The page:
¶ 2 Leave a comment on paragraph 2 0 First, though, a couple words about our context: we are a second-tier state institution with an MA program in history/public history/museum studies, an undergraduate major and teaching licensure, and an active mission of public engagement.
¶ 3 Leave a comment on paragraph 3 0 In this context, DH training means moving beyond training Ph.D. level folks. It obviously focuses on MA generalists and undergrads majoring in history, but also includes future teachers, current teachers through active outreach, and the community more broadly. Indeed, to be able to engage public history audiences in DH requires that we train them in these techniques and ideas. It is not automatic that they understand concepts such as Crowdsourcing or web 2.0, or that these audiences are familiar with basic digital tools.
¶ 4 Leave a comment on paragraph 4 0 Like many academic disciplines, the digital humanities has developed its own shorthand and professional idioms as modes of professional discourse, which have an exclusivity that can hinder our ability to teach broader publics, whom we are training to be our constituents.
¶ 5 Leave a comment on paragraph 5 0 I would also note that for many of us, DH training includes training faculty and colleagues at our institutions to appreciate the import of digital humanities to their work, to teaching, and to curriculum.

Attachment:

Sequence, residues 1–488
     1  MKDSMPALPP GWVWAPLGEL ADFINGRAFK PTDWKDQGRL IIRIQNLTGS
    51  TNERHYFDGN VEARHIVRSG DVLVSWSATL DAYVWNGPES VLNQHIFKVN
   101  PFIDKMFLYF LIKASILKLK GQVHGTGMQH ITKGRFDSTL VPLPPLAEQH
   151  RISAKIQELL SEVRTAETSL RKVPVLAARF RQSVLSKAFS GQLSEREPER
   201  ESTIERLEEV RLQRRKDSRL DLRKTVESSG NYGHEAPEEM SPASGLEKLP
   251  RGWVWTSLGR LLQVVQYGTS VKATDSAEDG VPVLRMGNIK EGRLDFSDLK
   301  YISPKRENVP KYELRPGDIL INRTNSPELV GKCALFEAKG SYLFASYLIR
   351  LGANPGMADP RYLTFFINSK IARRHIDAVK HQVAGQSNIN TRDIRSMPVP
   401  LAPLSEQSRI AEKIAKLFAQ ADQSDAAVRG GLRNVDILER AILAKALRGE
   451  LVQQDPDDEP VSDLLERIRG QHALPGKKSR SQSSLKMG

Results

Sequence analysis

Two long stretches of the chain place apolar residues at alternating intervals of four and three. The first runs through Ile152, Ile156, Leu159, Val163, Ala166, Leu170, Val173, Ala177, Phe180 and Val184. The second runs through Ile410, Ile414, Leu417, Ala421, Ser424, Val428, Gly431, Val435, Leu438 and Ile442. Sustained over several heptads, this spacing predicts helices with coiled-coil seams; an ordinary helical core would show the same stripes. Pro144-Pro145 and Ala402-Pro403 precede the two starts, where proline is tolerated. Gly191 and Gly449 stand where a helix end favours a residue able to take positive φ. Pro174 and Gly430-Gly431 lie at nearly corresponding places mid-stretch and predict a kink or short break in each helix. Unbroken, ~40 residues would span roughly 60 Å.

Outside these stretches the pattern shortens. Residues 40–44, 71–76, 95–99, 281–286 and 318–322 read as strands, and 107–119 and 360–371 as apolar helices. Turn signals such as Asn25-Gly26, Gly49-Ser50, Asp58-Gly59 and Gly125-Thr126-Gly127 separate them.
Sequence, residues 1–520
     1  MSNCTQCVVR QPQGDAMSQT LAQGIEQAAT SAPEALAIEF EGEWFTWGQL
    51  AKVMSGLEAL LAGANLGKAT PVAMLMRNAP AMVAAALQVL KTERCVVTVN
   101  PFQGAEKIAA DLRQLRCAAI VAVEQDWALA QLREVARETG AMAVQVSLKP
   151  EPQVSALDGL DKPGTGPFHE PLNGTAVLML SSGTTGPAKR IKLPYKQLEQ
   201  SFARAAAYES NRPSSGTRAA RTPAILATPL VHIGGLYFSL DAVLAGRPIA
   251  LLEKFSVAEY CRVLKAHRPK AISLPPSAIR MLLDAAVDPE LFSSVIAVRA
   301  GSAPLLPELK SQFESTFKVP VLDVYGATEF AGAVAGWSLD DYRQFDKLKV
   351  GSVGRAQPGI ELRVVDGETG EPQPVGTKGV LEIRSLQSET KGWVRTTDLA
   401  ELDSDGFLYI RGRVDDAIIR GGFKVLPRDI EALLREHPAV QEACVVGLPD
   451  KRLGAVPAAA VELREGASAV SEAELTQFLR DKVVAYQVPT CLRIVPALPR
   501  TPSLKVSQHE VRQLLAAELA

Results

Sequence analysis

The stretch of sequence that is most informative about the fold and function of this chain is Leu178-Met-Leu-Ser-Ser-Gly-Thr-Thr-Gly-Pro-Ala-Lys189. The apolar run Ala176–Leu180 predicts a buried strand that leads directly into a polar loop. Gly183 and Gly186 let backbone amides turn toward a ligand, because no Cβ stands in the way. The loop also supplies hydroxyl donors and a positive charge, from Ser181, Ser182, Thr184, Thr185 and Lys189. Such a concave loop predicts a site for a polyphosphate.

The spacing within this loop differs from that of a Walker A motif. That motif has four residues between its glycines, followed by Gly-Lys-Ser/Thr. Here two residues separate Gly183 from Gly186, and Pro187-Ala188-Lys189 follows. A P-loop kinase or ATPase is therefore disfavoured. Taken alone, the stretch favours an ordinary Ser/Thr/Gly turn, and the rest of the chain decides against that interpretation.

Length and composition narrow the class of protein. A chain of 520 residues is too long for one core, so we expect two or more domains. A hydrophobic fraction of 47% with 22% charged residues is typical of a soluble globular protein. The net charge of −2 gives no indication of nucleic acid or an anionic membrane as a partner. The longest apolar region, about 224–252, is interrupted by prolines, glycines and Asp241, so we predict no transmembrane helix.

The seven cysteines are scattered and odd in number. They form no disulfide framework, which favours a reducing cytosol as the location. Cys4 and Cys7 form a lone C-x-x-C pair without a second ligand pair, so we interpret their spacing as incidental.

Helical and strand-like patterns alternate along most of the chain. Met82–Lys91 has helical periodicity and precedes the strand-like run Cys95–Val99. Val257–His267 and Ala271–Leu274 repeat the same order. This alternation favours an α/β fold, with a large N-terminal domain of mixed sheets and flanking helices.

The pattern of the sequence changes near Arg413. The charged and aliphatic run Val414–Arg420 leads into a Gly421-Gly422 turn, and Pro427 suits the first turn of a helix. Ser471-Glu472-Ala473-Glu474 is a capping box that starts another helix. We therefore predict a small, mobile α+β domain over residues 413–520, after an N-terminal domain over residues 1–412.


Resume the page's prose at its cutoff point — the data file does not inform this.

¶ 6 Leave a comment on paragraph 6 0 As a result of our context and audiences, it is increasingly clear to us that DH programs and certificates can be valuable, but may not be an end of themselves. Indeed, there are many ways to train folks in the concepts of DH that need not involve degrees or formal certificates. These might include traditional courses within a program, professional development workshops ranging from one day to two hours, participation in a DH project (which I think might be the most effective mode of training), and/or continuing education courses. Also, working with volunteers and accepting them into projects can be a powerful venue for training, both future DH practitioners, but also project partners.